The Public Management of Environmental Risk: Separating Ex Ante and Ex Post Monitors
David Martimort () and
No 4992, CEPR Discussion Papers from C.E.P.R. Discussion Papers
When firms undertake activities which are environmentally risky, the divergence between social and private incentives to exert safety care requires public intervention. This control occurs both through ex ante regulation and ex post legal investigation. We delineate the respective scopes of those two kinds of monitoring when regulators and judges may not be benevolent. Separation between the ex ante and the ex post monitors of the firm helps to prevent capture. The likelihood of both ex ante and ex post inspections is higher under separation than under integration. This provides a rationale for the widespread institutional trend that has led to the separation of ex ante regulation from ex post prosecution. The robustness of this result is investigated in various extensions. Only when collusion is self-enforcing might it be possible that integration dominates separation.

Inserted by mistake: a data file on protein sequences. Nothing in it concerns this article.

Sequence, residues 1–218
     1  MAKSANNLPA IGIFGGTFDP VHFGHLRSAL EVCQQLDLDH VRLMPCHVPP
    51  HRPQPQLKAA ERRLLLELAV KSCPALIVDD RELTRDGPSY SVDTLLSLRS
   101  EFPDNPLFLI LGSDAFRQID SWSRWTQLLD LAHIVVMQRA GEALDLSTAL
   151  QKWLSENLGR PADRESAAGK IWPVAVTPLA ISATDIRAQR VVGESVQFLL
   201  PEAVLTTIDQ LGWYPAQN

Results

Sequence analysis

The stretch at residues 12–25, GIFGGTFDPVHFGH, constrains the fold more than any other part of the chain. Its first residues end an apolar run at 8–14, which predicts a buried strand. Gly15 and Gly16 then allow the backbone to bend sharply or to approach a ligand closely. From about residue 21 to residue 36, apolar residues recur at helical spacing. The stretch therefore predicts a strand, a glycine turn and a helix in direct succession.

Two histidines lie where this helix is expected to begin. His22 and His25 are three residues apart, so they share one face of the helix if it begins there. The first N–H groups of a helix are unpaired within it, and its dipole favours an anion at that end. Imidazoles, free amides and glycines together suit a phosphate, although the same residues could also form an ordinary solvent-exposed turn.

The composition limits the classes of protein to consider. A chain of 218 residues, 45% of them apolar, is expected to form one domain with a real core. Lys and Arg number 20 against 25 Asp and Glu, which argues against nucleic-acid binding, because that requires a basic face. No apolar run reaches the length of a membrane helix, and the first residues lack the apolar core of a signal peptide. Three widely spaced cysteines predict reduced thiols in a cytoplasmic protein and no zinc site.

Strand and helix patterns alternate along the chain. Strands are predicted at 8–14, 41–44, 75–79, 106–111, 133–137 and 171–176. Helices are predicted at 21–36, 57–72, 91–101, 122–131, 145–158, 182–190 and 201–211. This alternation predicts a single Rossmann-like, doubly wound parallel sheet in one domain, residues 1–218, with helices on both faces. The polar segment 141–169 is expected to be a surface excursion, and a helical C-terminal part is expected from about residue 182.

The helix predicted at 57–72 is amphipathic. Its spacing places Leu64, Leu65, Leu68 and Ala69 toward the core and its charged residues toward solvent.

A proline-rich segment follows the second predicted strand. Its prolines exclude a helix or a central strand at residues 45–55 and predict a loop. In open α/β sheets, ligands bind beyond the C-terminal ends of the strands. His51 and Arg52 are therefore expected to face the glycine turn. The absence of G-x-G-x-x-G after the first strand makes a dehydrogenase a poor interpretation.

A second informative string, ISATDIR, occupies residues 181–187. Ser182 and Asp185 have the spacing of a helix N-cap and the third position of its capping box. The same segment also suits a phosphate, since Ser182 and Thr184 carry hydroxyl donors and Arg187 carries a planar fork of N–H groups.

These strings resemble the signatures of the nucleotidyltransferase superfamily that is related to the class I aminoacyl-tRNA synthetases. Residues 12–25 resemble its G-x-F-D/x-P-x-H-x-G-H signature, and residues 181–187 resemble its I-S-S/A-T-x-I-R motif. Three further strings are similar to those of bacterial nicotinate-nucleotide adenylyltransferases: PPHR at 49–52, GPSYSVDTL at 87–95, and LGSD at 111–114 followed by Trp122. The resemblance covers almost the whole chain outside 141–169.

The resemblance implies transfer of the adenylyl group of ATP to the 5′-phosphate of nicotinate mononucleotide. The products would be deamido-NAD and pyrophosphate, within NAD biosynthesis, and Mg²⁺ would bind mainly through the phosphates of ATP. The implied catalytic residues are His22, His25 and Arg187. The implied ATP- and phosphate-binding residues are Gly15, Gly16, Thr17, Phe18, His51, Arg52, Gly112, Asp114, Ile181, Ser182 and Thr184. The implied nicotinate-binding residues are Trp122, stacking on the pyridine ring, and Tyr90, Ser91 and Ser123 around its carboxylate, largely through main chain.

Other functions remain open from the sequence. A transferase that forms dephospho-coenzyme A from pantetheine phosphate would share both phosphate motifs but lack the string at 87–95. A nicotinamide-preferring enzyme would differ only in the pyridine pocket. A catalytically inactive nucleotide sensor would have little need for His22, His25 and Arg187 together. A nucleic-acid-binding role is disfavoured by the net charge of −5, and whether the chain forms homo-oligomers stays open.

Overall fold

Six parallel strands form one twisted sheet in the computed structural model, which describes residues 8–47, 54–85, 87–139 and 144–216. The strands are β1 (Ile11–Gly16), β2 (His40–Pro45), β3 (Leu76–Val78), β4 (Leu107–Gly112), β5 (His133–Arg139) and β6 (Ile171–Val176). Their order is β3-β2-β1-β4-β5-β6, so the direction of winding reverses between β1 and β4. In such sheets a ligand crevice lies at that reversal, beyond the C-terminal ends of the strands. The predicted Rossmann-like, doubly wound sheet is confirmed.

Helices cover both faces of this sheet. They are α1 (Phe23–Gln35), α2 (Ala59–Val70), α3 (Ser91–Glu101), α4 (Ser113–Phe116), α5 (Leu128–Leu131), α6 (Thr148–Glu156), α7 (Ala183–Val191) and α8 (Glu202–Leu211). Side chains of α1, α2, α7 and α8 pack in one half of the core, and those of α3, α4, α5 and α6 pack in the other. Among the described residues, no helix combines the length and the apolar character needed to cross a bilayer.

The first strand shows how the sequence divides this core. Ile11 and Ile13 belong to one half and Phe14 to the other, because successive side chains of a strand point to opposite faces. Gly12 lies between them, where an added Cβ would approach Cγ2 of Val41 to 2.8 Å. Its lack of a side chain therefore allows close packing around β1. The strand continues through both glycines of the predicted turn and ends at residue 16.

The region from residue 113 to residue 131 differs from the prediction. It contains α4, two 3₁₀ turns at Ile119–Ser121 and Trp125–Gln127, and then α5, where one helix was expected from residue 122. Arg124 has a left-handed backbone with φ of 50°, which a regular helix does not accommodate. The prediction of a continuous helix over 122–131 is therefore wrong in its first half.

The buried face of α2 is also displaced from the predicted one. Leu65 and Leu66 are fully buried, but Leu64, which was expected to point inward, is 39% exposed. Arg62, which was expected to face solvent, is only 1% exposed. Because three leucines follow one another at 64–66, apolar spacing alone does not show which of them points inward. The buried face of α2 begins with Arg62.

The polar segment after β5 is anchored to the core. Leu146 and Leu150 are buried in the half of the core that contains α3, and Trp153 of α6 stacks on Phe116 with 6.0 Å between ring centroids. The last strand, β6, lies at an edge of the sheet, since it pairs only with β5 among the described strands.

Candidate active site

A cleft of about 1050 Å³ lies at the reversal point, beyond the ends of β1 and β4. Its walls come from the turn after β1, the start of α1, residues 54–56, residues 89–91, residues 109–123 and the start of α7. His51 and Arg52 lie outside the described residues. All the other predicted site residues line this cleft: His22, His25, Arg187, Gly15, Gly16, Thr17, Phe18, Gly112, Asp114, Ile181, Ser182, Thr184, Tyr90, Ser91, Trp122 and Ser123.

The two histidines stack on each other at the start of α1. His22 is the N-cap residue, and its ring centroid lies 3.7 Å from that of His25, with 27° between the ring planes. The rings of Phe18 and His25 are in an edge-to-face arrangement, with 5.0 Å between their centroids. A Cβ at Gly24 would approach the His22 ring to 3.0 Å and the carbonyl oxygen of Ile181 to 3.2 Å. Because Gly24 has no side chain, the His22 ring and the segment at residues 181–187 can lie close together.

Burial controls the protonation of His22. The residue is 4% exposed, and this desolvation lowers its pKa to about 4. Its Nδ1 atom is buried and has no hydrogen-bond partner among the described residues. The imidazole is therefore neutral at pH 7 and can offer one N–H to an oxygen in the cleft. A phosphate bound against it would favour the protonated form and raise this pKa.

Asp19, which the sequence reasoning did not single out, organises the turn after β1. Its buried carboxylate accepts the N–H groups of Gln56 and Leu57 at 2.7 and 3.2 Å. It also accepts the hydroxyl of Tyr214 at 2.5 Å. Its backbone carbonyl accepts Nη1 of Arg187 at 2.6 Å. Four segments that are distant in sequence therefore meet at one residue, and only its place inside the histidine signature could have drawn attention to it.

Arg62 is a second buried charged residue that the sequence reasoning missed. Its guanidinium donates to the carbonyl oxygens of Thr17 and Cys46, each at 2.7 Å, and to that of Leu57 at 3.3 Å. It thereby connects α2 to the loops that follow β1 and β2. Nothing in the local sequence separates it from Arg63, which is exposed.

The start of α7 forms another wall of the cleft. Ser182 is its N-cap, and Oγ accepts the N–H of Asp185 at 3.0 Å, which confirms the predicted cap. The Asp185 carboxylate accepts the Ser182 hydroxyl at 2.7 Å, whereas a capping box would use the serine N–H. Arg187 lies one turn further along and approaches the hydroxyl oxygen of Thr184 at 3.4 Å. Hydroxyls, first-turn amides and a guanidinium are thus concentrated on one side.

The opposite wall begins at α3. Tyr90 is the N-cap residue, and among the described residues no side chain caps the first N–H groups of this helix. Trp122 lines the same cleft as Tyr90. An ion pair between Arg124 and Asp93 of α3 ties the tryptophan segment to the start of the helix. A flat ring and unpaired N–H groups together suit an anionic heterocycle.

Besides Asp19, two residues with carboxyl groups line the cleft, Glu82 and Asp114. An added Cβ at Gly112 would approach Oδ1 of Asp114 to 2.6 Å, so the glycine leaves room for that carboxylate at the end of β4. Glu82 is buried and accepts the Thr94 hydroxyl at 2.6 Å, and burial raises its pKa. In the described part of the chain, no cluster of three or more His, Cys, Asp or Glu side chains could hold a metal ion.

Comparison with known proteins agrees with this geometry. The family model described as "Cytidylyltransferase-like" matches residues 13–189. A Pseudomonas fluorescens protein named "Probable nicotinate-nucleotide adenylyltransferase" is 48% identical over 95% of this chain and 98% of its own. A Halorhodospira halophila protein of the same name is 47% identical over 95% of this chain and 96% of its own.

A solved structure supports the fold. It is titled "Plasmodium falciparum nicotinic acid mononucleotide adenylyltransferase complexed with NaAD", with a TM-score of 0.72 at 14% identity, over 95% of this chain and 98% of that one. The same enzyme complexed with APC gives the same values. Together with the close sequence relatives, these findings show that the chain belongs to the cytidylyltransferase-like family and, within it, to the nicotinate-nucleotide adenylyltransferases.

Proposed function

Keywords: environmental risk; exante and ex post investigations; integration and separation; liability; regulation (search for similar items in EconPapers)
JEL-codes: L51 (search for similar items in EconPapers)
New Economics Papers: this item is included in nep-ene and nep-env
References: View references in EconPapers View complete reference list from CitEc
Citations: View citations in EconPapers (10) Track citations by RSS feed
Downloads: (external link)
CEPR Discussion Papers are free to download for our researchers, subscribers and members. If you fall into one of these categories but have trouble downloading our papers, please contact us at email@example.com
This item may be available elsewhere in EconPapers: Search for items with the same title.
Export reference: BibTeX
RIS (EndNote, ProCite, RefMan)
Persistent link: https://EconPapers.repec.org/RePEc:cpr:ceprdp:4992
Ordering information: This working paper can be ordered from
http://www.cepr.org/ ... ers/dp.php?dpno=4992
Access Statistics for this paper
More papers in CEPR Discussion Papers from C.E.P.R. Discussion Papers Centre for Economic Policy Research, 33 Great Sutton Street, London EC1V 0DX.
Bibliographic data for series maintained by ().